For example, if your credit card has a credit limit of $5,000, you can make purchases and transactions up to that amount. Once your charges reach or exceed the credit limit, you will not be able to use the card for additional purchases until you pay down the balance and free up available credit.
It's crucial to manage your credit card spending responsibly and keep track of your usage relative to the credit limit. Keeping your credit utilization ratio (the percentage of your credit limit you are currently using) low is beneficial for your credit score. High credit utilization can negatively impact your creditworthiness, so it's generally advisable to stay below 30% of your credit limit, if possible.
Credit card issuers may periodically review your account and may consider increasing your credit limit based on your payment history, credit score, and financial situation. However, it's essential to use credit cards responsibly and only charge what you can afford to pay back in a timely manner.
5. Due Dates:
The due date on a credit card statement is the specific date by which you must make at least the minimum payment on your credit card balance to avoid late fees, penalties, and a negative impact on your credit score. It is the deadline set by the credit card issuer for you to make a payment for the charges accrued during the billing cycle.
The due date is typically mentioned on the credit card statement, and it falls a certain number of days after the statement date (closing date). This gives you time to review your statement, understand your outstanding balance, and make the necessary payment on time.
It's important to note that paying the minimum amount due by the due date will keep your credit card account in good standing, but it's not the ideal way to manage your credit card debt. If you only pay the minimum, the remaining balance will be subject to interest charges, and it may take a long time to pay off the debt in full. Paying off the full statement balance by the due date is the best way to avoid interest charges and maintain a positive credit history.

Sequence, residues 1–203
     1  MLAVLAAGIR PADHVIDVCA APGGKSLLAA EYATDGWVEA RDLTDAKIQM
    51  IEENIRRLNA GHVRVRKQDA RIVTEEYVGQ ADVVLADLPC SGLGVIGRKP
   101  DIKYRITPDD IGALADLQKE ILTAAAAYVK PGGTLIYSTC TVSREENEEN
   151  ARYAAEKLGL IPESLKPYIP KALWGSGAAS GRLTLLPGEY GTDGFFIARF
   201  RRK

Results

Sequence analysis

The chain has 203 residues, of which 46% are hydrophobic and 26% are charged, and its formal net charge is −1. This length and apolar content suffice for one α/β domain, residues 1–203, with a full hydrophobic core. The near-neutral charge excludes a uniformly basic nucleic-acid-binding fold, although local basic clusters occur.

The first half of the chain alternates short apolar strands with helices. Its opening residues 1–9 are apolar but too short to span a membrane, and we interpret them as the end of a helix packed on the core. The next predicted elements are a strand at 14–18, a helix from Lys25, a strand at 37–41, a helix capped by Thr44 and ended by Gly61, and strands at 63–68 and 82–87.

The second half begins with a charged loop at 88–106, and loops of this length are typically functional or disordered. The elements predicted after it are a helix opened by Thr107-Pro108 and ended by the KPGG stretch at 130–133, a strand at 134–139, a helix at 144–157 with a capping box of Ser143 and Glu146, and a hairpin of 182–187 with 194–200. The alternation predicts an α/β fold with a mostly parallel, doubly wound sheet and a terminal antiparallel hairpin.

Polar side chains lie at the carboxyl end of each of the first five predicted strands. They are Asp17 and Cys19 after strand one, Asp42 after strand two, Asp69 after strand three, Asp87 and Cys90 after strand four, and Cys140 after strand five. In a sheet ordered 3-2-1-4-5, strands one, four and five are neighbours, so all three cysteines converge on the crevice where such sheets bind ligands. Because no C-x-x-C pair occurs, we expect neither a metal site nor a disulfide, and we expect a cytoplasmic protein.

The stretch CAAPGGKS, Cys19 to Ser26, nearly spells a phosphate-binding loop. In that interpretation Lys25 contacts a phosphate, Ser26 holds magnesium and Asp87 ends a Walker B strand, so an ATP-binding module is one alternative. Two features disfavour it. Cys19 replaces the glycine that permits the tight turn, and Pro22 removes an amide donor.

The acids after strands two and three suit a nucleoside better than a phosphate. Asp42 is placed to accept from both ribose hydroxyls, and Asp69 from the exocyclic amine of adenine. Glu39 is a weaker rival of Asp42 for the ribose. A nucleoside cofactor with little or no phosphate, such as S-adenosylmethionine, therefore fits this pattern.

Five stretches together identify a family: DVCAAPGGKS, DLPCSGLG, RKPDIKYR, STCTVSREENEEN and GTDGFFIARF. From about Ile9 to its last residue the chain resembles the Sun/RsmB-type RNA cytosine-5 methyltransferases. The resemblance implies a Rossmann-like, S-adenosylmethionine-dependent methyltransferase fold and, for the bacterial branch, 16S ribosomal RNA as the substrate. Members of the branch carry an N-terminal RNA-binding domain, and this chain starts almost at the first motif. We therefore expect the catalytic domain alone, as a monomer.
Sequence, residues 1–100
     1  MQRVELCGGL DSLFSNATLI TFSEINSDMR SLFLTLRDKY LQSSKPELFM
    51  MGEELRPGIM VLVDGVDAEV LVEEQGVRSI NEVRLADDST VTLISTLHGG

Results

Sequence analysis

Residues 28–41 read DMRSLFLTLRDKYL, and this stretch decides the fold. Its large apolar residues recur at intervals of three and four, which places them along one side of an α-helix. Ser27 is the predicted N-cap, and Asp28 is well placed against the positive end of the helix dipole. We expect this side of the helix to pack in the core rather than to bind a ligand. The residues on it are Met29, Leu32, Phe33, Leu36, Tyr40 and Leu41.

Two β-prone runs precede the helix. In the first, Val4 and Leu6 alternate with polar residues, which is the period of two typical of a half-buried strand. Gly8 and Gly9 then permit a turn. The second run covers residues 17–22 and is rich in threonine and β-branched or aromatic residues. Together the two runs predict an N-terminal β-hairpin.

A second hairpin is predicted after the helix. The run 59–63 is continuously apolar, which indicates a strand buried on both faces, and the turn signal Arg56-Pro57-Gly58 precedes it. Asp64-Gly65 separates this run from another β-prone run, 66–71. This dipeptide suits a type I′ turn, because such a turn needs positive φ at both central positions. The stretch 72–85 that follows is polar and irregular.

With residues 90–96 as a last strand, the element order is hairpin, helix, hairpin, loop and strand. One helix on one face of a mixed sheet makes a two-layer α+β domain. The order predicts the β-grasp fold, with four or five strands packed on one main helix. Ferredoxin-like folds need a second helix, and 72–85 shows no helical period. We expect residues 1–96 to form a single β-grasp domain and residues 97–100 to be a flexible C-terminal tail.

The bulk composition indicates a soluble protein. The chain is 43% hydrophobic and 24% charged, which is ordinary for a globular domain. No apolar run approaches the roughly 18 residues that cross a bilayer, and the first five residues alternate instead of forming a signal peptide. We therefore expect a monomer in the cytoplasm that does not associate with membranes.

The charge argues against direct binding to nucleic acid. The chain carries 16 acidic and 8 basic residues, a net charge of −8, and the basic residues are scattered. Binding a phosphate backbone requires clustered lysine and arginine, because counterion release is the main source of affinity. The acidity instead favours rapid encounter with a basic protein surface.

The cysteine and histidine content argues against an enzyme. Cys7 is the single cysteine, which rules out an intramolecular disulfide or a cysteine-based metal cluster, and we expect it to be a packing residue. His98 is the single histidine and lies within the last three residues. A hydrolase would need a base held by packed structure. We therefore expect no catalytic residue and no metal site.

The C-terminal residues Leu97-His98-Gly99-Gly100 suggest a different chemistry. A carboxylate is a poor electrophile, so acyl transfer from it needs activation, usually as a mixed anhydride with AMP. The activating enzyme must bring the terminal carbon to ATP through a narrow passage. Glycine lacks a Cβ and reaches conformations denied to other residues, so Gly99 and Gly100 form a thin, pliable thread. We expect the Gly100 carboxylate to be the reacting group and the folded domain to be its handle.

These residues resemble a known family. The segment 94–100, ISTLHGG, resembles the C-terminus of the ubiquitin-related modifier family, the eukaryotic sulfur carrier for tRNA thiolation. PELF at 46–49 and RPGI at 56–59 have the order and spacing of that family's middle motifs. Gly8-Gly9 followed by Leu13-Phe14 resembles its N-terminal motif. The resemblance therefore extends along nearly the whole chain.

It is essential to be aware of your credit card's due date and to make timely payments to keep your credit in good standing and to avoid unnecessary fees and penalties. Missing the due date can lead to late fees, a potential increase in your APR, and negative marks on your credit report. Set up reminders or automatic payments if needed to ensure you never miss a credit card payment.
6. Penalty Fees
A penalty fee on a credit card statement is an additional charge imposed by the credit card issuer when the cardholder fails to adhere to certain terms and conditions outlined in the credit card agreement. These fees are applied as a consequence for specific actions or oversights on the part of the cardholder. Common penalty fees on credit card statements include:
- Late Payment Fee: This fee is charged when the cardholder fails to make the minimum payment or the full payment by the due date mentioned on the credit card statement. It's essential to pay at least the minimum amount on time to avoid this fee
- Over-Limit Fee: If the cardholder exceeds their credit limit by making purchases or incurring charges beyond their available credit, an over-limit fee may be charged. However, many credit card issuers have stopped charging over-limit fees, and they will simply decline transactions that would exceed the credit limit